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Retail fuel prices to follow world prices: importers   2008-12-11 - TN, AFP

 
 
   
Fuel importers, planning for another price cut this week, said they would tweak retail prices based on global price movements.

 

 

Vuong Thai Dung, deputy general director of top fuel importer Petrolimex, said his company would follow global market moves and make necessary price adjustments with an eye on both its profits and consumers. Petrolimex, or Vietnam National Petroleum Corp., controls about 60 percent of the domestic market.

But prices in Vietnam should not be always compared with those in other countries because the local situation is different, Dung said, pointing out that fuel importers have to pay a slew of taxes adding up to around 65 percent.

Last week, the government cut fuel prices for the third time in less than a month. The popular 92-octane gasoline and diesel now cost VND12,000 a liter.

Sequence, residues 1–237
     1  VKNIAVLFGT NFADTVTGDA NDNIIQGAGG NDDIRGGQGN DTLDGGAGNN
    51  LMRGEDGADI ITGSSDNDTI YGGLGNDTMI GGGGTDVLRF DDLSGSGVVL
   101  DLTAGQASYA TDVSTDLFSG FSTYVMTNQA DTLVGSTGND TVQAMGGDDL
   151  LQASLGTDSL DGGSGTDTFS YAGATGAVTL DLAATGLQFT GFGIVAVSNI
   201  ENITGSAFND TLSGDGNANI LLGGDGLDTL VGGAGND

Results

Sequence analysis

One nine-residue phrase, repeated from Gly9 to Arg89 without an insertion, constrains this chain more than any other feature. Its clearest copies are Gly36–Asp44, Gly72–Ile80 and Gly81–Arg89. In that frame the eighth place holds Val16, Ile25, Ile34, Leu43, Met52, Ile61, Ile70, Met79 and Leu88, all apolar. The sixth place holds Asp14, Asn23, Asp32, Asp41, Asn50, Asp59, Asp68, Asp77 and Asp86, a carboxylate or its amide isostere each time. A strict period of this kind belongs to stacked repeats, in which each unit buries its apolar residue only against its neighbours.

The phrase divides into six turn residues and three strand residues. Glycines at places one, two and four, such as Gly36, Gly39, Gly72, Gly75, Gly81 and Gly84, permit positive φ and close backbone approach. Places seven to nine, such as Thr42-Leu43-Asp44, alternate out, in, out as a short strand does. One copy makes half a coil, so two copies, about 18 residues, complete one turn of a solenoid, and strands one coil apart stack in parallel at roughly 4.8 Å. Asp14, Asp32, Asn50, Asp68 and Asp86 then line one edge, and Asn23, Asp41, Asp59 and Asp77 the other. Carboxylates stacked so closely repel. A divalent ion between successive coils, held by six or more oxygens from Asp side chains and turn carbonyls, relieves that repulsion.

Importers admitted that at current prices they earn a profit of VND2,000-3000 on every liter.

But they plan to cut prices again and expect the government to approve it this week.

Analysts said when world oil prices drift to below US$45 per barrel, the local price should be VND10,000.

Nguyen Minh Phong of the Hanoi Socio-Economic Research Institute said, however, that since there is no real competition in the domestic fuel market, fuel traders do not see the need to lower prices for the sake of consumers.

Global prices dipped Tuesday after jumping on Monday on hopes a US economic stimulus package and an auto sector bailout would boost the world’s biggest energy consumer, traders said.

Light sweet crude for January retreated 30 cents to $43.41 on the New York Mercantile Exchange (NYMEX) on Monday.

Investors will be watching closely a December 17 OPEC meeting to be held in Oran, Algeria, where the oil cartel is widely expected to announce another round of production cuts to shore up slumping prices.

The Organization of Petroleum Exporting Countries, which pumps about 40 percent of the world’s crude, maintained existing output levels at its last meeting in November.

Oil prices have plunged by about 70 percent since reaching record highs above $147 in July as the global economic slowdown weakens demand.



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